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The following is presented as part of The Columbian’s Opinion content, which offers a point of view in order to provoke thought and debate of civic issues. Opinions represent the viewpoint of the author. Unsigned editorials represent the consensus opinion of The Columbian’s editorial board, which operates independently of the news department.

Other Papers Say: Dissuade freeway protests

By The Seattle Times
Published: January 15, 2024, 6:01am

The following editorial originally appeared in The Seattle Times:

Public officials at every level of government have a responsibility to ensure highway protests do not become regular occurrences.

This will take law enforcement coordination and a clear message that those seeking to influence national and international politics must not have unfettered ability to inflict pain on local residents.

Demonstrators calling for a cease-fire in the Israel-Hamas war blocked traffic on Interstate 5 in Seattle for hours on Jan. 6. All northbound Interstate 5 lanes were blocked between Interstate 90 and Mercer Street.

Washington State Patrol Public Information Officer Rick Johnson first posted about the demonstration just before 1:30 p.m. At 3:40 p.m., Washington State Patrol, with the assistance of the Seattle Police Department, issued a dispersal order for protesters to leave the freeway, according to the agency’s social media feed. Demonstrators left about a dozen vehicles on Interstate 5. The State Patrol said tow trucks removed them and the freeway reopened shortly after 6 p.m.

Freeway protests are distressingly common. In 2022, Interstate 5 was shut down by protesters drawing attention to war in Ethiopia’s Tigray region. In the aftermath of the George Floyd murder in 2020, protesters repeatedly blocked Interstate 5. An activist, Summer Taylor, was killed by a 30-year-old man who drove a car through a group of demonstrators.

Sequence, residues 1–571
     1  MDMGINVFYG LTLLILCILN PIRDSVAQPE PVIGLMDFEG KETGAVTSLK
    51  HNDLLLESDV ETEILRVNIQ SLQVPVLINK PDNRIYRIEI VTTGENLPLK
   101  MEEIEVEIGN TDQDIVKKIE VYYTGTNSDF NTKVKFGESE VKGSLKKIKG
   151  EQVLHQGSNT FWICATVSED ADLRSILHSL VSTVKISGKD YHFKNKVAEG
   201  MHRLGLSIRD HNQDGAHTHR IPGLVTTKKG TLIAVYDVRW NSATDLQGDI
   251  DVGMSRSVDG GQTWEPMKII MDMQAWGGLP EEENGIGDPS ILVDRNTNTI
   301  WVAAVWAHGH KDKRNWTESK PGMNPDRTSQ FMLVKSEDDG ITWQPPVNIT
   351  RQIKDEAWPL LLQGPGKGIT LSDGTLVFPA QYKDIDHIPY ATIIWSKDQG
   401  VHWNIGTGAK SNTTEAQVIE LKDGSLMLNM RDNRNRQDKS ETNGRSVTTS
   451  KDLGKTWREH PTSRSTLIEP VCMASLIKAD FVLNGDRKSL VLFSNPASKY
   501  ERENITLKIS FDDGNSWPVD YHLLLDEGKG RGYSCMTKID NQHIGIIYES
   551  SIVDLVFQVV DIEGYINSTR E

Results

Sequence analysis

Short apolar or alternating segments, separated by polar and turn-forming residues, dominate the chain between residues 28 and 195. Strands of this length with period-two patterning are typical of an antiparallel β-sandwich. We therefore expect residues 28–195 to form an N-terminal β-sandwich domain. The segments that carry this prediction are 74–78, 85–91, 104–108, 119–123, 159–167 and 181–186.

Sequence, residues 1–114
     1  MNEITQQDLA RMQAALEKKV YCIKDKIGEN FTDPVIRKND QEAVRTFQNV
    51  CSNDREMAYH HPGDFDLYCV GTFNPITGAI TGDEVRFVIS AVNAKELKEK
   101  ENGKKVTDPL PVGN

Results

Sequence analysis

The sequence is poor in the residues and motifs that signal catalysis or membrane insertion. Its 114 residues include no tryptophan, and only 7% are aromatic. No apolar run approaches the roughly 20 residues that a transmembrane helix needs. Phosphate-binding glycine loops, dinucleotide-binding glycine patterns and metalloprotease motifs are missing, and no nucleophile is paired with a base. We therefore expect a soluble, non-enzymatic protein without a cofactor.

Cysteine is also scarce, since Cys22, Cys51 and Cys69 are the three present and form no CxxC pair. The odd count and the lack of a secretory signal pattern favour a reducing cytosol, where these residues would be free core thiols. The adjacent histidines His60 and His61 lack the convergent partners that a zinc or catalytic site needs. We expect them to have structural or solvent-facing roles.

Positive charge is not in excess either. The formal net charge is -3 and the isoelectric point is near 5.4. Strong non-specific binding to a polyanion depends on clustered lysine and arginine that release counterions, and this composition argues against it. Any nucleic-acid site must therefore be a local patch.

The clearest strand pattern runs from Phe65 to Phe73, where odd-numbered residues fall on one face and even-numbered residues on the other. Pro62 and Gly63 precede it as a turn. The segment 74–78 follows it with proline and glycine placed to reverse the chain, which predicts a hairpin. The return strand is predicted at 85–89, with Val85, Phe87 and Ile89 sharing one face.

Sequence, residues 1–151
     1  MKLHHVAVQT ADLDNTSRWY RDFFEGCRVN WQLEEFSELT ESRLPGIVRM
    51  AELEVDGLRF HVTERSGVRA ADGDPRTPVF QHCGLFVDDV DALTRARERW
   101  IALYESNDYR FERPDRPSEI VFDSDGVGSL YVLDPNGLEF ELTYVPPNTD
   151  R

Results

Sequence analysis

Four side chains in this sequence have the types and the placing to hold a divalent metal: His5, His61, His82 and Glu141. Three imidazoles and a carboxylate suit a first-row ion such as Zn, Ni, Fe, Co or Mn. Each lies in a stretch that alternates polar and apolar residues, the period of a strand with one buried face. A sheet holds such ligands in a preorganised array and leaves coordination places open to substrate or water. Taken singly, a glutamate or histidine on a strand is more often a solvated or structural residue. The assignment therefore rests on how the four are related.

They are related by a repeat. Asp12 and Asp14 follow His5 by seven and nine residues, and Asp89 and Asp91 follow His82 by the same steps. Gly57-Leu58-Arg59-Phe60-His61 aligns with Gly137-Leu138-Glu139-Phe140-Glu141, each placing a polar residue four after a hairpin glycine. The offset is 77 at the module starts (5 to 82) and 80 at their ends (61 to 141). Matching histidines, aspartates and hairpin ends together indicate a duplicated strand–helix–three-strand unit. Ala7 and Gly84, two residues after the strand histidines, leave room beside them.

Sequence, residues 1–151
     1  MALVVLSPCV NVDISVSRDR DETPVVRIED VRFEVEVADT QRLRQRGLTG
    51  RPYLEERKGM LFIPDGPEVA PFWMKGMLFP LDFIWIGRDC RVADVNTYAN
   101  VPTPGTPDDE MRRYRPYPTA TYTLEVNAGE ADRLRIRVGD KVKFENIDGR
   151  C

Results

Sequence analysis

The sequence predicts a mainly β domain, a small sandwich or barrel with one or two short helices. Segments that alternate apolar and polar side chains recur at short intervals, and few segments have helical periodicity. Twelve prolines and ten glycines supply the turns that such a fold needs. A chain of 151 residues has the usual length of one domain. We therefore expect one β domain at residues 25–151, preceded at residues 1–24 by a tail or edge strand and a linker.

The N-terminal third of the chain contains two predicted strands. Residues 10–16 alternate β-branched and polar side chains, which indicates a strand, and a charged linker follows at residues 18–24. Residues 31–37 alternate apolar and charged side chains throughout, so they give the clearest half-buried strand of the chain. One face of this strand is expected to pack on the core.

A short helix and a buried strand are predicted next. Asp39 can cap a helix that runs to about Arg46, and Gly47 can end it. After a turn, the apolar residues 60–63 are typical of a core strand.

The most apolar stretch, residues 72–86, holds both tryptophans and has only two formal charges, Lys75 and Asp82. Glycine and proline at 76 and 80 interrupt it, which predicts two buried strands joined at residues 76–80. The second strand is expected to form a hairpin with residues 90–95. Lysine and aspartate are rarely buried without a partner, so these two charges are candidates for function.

Residents have a right to protest. But that can’t devolve into regional extortion. Any reading of the reaction to the recent freeway fiasco on websites and social media makes clear: The people are not with the protesters. This isn’t about changing hearts and minds. It’s about putting pressure on elected officials until they break.

Let’s look at how other cities handle such disturbances, which have become a daily occurrence in many places.

As The New York Times reported, pro-Palestinian demonstrators last week blocked entrances to bridges and tunnels to Manhattan. Shortly after they gathered, they were arrested by police, and traffic quickly resumed.

In Los Angeles, 42 people were arrested after a protest calling for a cease-fire in Gaza briefly shut down the 110 Freeway last month. The demonstration began just after 9 a.m.; California Highway Patrol declared an unlawful assembly and all lanes reopened around 11:30 a.m.

Around here, the region must do more than create an effective law enforcement strategy. What’s needed is leadership.

To that point, Rep. Pramila Jayapal, D-Seattle, could be eminently helpful. Jayapal should make a statement directing those supporting a Gaza cease-fire to express themselves forcefully but lawfully. She obviously has clout with this crowd.

As chair of the Congressional Progressive Caucus, Jayapal has long championed the Palestinian cause. She was one of six lawmakers to vote “present” on a House Resolution supporting Israel in the aftermath of the Oct. 7 attack. All other members of the Washington congressional delegation voted to approve the resolution, which passed with overwhelming bipartisan support.

Seattle’s freeway demonstration happened in the middle of Jayapal’s district. In this time of escalating tensions, the region needs leaders who can bring calm and stability. The alternative is more disruptions, more headaches and a local tragedy waiting to happen.